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View Full Version : Landlord gives notice - can tenant go with no notice?



teresaireland
28-04-2008, 23:14 PM
I had to serve notice on my tenant a couple of weeks before the end of the initial period of 6 months in an AST to get possession of my home to coincide with the start of my new job. I was letting my home & new job involved working from home. Tenant had previously e-mailed to ask if she could stay after the 6 months. (It was always the intention that it would be a long let but then job offer came along after ages of working away from home.)
The question is: if I have already served 2 months notice, can the tenant just go (altho had indicated no intention to leave) on last day on initial fixed term? Or, does my having served notice trump anything?? What is a replacement tenancy???
Can it be correct that I have to give 2 months notice but tenant can just go at end of initial 6 months with no notice so that I would be left wondering if I will have any rental income or not?

House
28-04-2008, 23:53 PM
Tenant can leave on last day of fixed term.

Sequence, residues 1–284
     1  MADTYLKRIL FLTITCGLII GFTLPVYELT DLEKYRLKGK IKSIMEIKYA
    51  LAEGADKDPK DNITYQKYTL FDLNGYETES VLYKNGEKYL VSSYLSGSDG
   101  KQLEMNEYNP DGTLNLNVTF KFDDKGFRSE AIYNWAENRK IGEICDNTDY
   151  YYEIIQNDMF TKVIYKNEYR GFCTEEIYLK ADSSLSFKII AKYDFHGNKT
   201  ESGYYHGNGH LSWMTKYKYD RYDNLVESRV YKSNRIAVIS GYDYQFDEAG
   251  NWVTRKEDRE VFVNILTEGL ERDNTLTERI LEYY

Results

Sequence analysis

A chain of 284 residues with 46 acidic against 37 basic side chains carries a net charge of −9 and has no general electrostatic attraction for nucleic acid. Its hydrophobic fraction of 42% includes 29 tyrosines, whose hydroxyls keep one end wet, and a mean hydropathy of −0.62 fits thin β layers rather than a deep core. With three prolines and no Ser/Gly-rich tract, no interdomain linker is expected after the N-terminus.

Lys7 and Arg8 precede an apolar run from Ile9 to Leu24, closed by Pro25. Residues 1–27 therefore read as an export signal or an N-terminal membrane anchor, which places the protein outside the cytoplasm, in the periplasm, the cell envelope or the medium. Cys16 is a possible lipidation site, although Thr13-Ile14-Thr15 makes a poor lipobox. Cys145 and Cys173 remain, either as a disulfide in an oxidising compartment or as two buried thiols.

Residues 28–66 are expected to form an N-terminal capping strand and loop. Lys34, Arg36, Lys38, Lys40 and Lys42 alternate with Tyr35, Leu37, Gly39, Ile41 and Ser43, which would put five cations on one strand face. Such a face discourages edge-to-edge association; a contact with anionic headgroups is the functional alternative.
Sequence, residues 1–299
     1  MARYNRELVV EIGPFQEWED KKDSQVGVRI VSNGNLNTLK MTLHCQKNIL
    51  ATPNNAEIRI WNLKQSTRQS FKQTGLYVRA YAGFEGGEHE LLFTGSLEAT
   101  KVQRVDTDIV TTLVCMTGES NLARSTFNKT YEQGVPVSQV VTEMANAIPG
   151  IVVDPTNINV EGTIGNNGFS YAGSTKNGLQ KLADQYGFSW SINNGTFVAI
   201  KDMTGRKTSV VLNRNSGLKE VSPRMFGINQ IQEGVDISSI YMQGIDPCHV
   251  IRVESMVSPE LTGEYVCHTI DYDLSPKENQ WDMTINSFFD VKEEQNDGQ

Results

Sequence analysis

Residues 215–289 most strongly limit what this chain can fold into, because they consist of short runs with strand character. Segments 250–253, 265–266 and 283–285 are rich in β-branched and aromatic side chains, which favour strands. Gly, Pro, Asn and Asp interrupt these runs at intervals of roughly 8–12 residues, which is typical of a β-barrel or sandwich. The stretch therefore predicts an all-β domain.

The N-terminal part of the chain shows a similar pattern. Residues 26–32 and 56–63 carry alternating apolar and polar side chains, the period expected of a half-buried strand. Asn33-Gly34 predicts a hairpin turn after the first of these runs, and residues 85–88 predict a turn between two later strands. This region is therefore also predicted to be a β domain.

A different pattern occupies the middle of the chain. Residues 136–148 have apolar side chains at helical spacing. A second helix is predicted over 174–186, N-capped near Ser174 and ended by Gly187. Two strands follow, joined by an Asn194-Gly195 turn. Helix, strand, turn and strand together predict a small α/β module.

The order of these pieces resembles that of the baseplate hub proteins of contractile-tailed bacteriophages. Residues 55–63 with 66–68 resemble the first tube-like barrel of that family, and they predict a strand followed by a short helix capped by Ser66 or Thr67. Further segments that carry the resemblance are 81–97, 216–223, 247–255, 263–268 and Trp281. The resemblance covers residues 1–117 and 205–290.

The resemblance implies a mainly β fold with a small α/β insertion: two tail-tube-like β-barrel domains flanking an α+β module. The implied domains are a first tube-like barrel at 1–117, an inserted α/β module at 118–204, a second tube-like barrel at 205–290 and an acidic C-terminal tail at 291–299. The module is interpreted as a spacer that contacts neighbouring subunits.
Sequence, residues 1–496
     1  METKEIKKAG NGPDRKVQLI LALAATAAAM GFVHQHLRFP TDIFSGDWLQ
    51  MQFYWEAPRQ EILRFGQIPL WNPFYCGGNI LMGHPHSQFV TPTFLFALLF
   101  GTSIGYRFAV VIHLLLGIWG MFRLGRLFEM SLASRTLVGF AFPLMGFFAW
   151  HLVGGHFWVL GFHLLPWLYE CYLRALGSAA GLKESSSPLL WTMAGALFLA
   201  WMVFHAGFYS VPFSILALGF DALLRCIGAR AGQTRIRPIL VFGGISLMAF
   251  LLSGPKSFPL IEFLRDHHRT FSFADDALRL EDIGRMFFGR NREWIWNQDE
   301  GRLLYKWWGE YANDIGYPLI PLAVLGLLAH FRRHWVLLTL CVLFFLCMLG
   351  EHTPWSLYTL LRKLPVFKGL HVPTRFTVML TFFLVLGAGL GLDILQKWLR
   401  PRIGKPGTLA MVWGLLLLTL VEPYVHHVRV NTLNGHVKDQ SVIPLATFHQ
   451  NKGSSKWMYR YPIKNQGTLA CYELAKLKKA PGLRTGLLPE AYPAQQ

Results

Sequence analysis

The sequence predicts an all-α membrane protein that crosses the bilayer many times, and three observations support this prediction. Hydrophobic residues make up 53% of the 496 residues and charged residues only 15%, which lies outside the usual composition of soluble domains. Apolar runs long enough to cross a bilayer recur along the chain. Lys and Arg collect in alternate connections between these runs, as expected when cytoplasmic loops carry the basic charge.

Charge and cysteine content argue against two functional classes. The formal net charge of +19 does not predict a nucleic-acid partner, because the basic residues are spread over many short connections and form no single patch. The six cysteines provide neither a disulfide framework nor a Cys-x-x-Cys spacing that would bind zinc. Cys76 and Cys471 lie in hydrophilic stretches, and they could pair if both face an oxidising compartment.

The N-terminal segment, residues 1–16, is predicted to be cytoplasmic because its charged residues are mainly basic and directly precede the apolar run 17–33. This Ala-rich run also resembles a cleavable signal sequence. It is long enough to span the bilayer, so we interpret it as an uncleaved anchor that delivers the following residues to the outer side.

If tenant doesnt leave then it becomes a statutory periodic tenancy. You can still rely on your section 21 1 b notice though.

bagpuss
30-04-2008, 18:16 PM
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Can it be correct that I have to give 2 months notice but tenant can just go at end of initial 6 months with no notice so that I would be left wondering if I will have any rental income or not?

Yes, you do have to give a clear 2 months notice (longer if it's a periodic tenancy) that's the law. Of course the tenanant can leave at the end of the initial 6 months - after all you let your property on a 6 months fixed tenancy, so you should be expecting the tenant to leave at that point. What you do with your property after that isn't really anything to do with the tenant - you either arrange for a new tenant and keep getting rent or you keep it for your own use. You don't seem to have a very clear grasp of how a short term tenancy works which is rather worrying.

If they stayed on despite the section 21 and past when you'd really like them to be gone, they would still have to pay rent, though you would have to gain possesion via the courts.

It seems you want them to stay on until it suits you to have them go - I'm afraid that's not how it works. You might be lucky and have very accommodating tenants who are willing to stay and pay you rent until it suits you to have them go, but I doubt it.